evil. It is also undemocratic, for it curtails the fundamental rights of citizens. A simple survey of the political leadership would reveal that their children are either studying abroad or in private institutions. Besides, the development process of the general people is severely hampered as funds from human security sectors like health, education and economic reforms are diverted to fund the special security institutions formed to tackle not only violence and damage related to strikes, but also the general violence and criminalisation of politics. It has also been observed that preoccupation with issues of party politics takes up the space for debates on issues vital for human security, like education, economics and health. More importantly, it creates a psyche of siege, fear, and a culture of intolerance of differences and dissent; consequently, it gives rise to a culture with a very high level of tolerance of violence. In terms of services, rights and human security, followed by democracy or the formal set-up of democracy, carries little meaning. This augurs ill both for institutions and the lived reality of people. The strengthening of the forces of coercion and violence, alongwith the devolution of power into the structures of autocracy and the enactment of coercive laws, though in the name of public safety and security, only empowers the coercive institutions of state (Daily Star 2004). The casualty is not only the security of common people, but also the institutions of democracy. The formation of the RAB and the institution of Operation Clean Heart are suggestive of the failure or inability of the civil institutions to administer and control. This crisis of democracy is as much a consequence of internal maladies as it is of global and regional factors connected with terrorism, economic reforms, labour movements, small arms and drugs smuggling, and cross-border insurgencies. The second emerging scenario is what one is witnessing in Bangladesh politics today. There is a confluence of a number of forces, both violent and accommodating. Though the two major actors are not talking to each other, they are talking through other channels. Several important developments have taken place in the arena of politics, following the 21 August 2004 grenade attack. On the one hand, clear polarisation has taken place; at the same time, there are signs of accommodation. The major opposition party, the Awami League, and the left-leaning parties have formed an alliance on issues related to ousting the government and anti-fundamentalism. The government is blamed not only for its failure to provide security to the opposition and the general people, but also for harbouring fundamentalist forces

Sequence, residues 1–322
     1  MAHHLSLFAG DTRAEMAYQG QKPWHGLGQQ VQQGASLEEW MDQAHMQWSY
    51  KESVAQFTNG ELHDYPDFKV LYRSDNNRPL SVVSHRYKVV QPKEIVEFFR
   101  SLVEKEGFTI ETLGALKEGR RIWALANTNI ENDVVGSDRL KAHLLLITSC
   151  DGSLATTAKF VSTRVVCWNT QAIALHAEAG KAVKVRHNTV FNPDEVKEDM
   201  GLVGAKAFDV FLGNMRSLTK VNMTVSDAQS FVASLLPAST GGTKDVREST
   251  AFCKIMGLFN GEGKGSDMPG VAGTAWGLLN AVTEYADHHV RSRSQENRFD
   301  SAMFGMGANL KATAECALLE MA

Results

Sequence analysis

by making a ruling alliance with the Jamaat. Fundamentalist forces are widely speculated to be responsible for the sudden eruption of grenade and bomb attacks. This hard line is again marked by a degree of understanding, which was absent before. The opposition has chalked out different strategies to protest, largely due to the pressure by the left-leaning parties and also sensing the general pulse of the people. Recourse to strikes has not been adopted as the main tool of protest. Instead, mass mobilisation at the district levels along with protest marches and human chains are being organised. The opposition has also joined Parliament to protest the grenade attacks and have a general discussion on these attacks. In other words, a multi-pronged strategy has been adopted. Parliament as well as the street option are being used; whereas formerly the Parliament option was ruled out in preference for the streets and strikes. The institutionalisation of politics requires taking back politics to Parliament. On the government side, despite hard talks, there have been signs of accommodating the opposition position, even making room for their demands in Parliament. International investigation and assistance on the grenade attacks problem has also been sought. Despite this, though, the country again seems to be plunging into a quagmire. The government is under pressure from the people to act rationally and allow the functioning of society, and to improve the security situation. The opposition too is urged upon to help the process. The sustainability of the opposition alliance, or any political alliance, is under question given the divergence in their programmes and agendas. Besides, the major political parties have their eye on electoral politics. It is difficult to see them pursuing any agenda that might affect their votes. Consequently, one might observe shifting alliance patterns and partners, but alliance politics, it appears, is here to stay. The present political crisis and the resulting configuration of issues and compromises point towards a third probable and more likely scenario. The pressures from the citizens’ forums could compel political parties to compromise on their politics of confrontation. Widespread rightsbased activities by the non-governmental sector at the community level are conscientising the people. These activities are perceived as a threat to the traditional structures of power by the leadership. Consequently, one observes the rise in conservatism as well. In the name of religion and societal values, they oppose these movements and activities. From the prevailing situation, an increase in the confrontation between these forces is quite evident. But the syncretism and resistance inherent in